NEW YORK — Revlon, a cosmetics maker that broke racial barriers and dictated beauty trends for much of the last century, has filed for Chapter 11 bankruptcy.
The company, founded by Jewish American brothers Charles and Joseph Revson with chemist Charles Lachman, has been a store mainstay since its founding 90 years ago in New York, overseeing a stable of household names from Almay to Elizabeth Arden.
But Revlon failed to keep pace with changing tastes, slow to keep up with women as they swapped flashy red lipstick for more muted tones in the 1990s.
As well as losing market share to big rivals like Procter & Gamble, new cosmetics lines from Kylie Jenner and other celebrities have successfully capitalized on the massive social media following of famous faces who showcased the products. .
Already weighed down by mounting debt, Revlon’s troubles have only intensified with the pandemic as lipstick has given way to a new era of fashion, this one with medical-grade masks.
Sales fell 21% in 2020, the first year of the pandemic, although they rebounded 9.2% in the company’s last reporting year with the widespread use of vaccines. In the most recent quarter that ended in March, Revlon’s sales grew nearly 8%, but still lag pre-pandemic levels by more than $2.4 billion a year. .
The global supply chain disruptions crippling hundreds of international companies in recent months were too much for Revlon, which narrowly escaped bankruptcy at the end of 2020 by persuading bondholders to extend its maturing debt.
Further corporate restructuring could occur in the consumer goods sector with the threat of a recession and rising borrowing costs.
Revlon said Thursday that after court approval, it expects to receive $575 million in financing from its existing lenders, which will allow it to continue day-to-day operations.
“Today’s filing will allow Revlon to bring our consumers the iconic products we’ve offered for decades, while also clearing a clearer path for our future growth,” said Debra Perelman, who was named president. -CEO of Revlon in 2018.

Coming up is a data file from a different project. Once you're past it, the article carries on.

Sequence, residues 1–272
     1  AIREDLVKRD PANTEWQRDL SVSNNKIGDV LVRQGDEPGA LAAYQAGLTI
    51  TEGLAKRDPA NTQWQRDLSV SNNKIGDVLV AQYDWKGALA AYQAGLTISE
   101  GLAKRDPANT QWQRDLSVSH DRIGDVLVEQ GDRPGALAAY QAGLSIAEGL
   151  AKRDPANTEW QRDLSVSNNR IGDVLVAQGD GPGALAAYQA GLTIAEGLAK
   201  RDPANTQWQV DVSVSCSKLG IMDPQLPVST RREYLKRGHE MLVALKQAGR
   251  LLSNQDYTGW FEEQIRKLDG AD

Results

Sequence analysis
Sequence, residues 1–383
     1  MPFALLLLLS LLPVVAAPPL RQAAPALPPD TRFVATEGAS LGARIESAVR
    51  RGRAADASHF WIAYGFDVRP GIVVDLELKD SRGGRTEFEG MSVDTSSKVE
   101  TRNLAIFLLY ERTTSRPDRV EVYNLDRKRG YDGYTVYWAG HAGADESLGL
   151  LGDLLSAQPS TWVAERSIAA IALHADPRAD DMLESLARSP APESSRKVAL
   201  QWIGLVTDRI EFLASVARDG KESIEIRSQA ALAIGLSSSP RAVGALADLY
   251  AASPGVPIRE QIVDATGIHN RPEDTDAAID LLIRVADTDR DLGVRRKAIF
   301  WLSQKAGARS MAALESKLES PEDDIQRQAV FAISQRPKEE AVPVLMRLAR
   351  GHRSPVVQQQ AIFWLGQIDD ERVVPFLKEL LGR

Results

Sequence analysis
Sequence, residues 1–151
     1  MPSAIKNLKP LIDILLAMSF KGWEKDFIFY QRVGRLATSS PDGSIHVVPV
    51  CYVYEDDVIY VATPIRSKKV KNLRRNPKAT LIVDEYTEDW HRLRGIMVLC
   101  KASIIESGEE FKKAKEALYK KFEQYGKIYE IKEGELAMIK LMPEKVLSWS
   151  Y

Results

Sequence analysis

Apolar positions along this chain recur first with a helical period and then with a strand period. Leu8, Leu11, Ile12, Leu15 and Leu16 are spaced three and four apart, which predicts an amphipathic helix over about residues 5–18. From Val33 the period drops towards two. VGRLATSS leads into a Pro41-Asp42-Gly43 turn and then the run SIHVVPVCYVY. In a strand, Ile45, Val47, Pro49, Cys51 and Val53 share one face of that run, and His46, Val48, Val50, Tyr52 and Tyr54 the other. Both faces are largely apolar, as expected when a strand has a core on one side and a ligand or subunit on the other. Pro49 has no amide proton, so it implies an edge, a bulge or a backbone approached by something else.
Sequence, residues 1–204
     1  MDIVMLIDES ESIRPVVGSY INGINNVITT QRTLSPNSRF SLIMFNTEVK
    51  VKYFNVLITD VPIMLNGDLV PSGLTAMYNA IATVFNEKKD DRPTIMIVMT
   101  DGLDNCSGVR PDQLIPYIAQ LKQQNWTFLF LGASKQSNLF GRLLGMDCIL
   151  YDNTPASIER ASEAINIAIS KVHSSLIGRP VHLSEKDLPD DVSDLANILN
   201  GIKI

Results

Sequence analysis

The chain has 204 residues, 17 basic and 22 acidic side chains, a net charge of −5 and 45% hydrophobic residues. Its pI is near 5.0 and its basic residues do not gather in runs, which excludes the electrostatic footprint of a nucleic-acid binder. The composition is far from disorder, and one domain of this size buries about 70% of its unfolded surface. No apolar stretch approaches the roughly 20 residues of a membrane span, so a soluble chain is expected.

His father, billionaire Ron Perelman, backs the company through MacAndrews & Forbes, which acquired the company through a hostile takeover in 1985. Revlon went public in 1996.
Perelman said demand for its products remains strong, but its “challenging capital structure” provided limited ability to navigate.
At its height in the 20th century, Revlon trailed only Avon in terms of sales. It now ranks 22nd among cosmetics manufacturers, according to a recent ranking by fashion magazine WWD.
Revlon became the first beauty company to feature a black model in 1970, Naomi Sims. In the 1980s, the company energized the cosmetics industry by bringing famous and yet-to-be-discovered models like Iman, Claudia Schiffer, Cindy Crawford and Christy Turlington to the fore, promising to make all women “unforgettable”.
Perelman, in an interview with The Associated Press last year before global supply chains were locked down, said she was optimistic about the future. The company has doubled down on efforts during the pandemic to connect more with services like one-on-one virtual consultations through its Elizabeth Arden line, she said.
Perelman also said the company is learning from celebrity launches to be more nimble and that Revlon has regained market share.
None of Revlon’s international operating subsidiaries are included in the proceedings, with the exception of Canada and the United Kingdom. The filing was made in the United States Bankruptcy Court for the Southern District of New York.
The company has listed assets and liabilities between $1 billion and $10 billion, according to its bankruptcy filing.